Centamin Egypt Ltd.
Centamin is a sleeper company which will pop up on everybody's radar screen now that it is in production. Centamin's main asset is the Sukari Gold mine in Egypt's eastern desert and is one of the largest gold projects to come on stream this year. Sukari has nearly 10 million ounces of resources and will produce 200,000 ounces this year ramping up to 500,000 ounces from an open pit. The project cost of $260 million is largely spent and Centamin was able to bring this project on stream by refurbishing the former Kori Kolla processing facility. Centamin also installed a 25 kilometre seawater pipeline. Centamin is spending about $10 million a year on exploration and has eight rigs turning with recent results resulting in an update grade of its resource. Centamin plans an underground development to begin sometime this year. Centamin is debt free, unhedged and has about $110 million of cash. We like overlooked Centamin here.
Centerra Gold Corp.
Centerra has finalized its long awaited agreement with the Kyrgyz Republic and with the ratification in June, gave a bigger ownership stake to the government. At the same time, however the Mongolian government suspended Centerra's Boroo permit for three months. The suspension was a surprise and coincided with a brief labour strike. However, we expect this Boroo permitting issue to be resolved. Meantime, Kumtor will produce more than half a million ounces this year which would generate free cash sufficient to kickstart a major exploration program on Centerra's 26,300 hectares. Exploration had been suspended while the company was in negotiations with the Kyrgyz Republic, so we expect Centerra to come out some good news at long last. We to recommend Centerra as one of the cheapest intermediate sized producers because of the company's potential to grow ounces quickly.
Eldorado Gold Corporation
Eldorado has acquired the 19.9 percent interest in Sino Gold Mining from Gold Fields of South Africa. Sino Gold based in China is producing about 170,000 ounces and production is planned to increase Jinfeng to 220,000 ounces per year when the underground operation is commissioned. The Jinfeng mine is the second largest gold mine in the country and Sino's second, the White Mountain mine should produce about 65,000 ounces. Eldorado's stake in Sino Gold gives it an important stake in China and with Eldorado's Tanjianshan mine, Eldorado will become the largest foreign gold producer in China. The Tanjianshan mine produced 118,000 ounces of gold last year and will produce about 100,000 ounces this year with the new roaster facilities in place. Eldorado's China venture complements its flagship Kisladag mine in Turkey which is its "bread and butter" mine producing about 240,000 ounces this year. Eldorado plans to expand Kisladag and bring on Efemcukuru gold mine which will be its second mine in Turkey. Eldorado should produce 340,000 ounces this year at a total cash cost of less then $300 an ounce. We continue to recommend Eldorado for its growing production profile, strong management and balance sheet.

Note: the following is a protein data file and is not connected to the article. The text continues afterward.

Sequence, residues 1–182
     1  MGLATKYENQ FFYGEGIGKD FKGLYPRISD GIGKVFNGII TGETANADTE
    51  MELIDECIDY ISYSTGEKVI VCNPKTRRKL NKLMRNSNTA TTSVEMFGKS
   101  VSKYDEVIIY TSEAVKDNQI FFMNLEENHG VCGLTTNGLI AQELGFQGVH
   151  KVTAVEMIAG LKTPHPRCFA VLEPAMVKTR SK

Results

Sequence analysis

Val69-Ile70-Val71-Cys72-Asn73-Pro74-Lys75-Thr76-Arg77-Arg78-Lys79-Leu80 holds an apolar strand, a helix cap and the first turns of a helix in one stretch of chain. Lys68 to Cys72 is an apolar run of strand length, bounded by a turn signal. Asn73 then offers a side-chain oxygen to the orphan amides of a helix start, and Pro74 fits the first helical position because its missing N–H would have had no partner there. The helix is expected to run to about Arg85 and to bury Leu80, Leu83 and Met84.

MAG Silver Corp
MAG successfully fended off its Mexican partner, Fresnillo which had unveiled a "take under" proposal last December. We think that Fresnillo got frustrated with the process but will be back again with a higher price and perhaps a better legal strategy since the bulk of the needed reserves for Fresnillo's Juanicipo project lies on joint venture ground. MAG management is now free to continue to grow ounces and with a strong balance sheet of more than $50 million in cash, the company is well prepared to expand the Juanicipio joint venture. MAG is also receiving excellent results at the potential carbon replacement deposit (crd) discovery at Cinco de Mayo. MAG Silver wholly owns the 15,000 hectare Cinco de Mayo in north Chihuahua state and is searching for a (crd) style deposit whose system is responsible for over 40 percent of Mexico's silver production. The search for the mantos and chimney type formation has been confirmed with recent drill results. MAG silver has over 11 projects but the crown jewel, 44 percent owned Juancipio is still to be exploited particularly with the recent results from the Valdecanas vein. We recommend the shares here.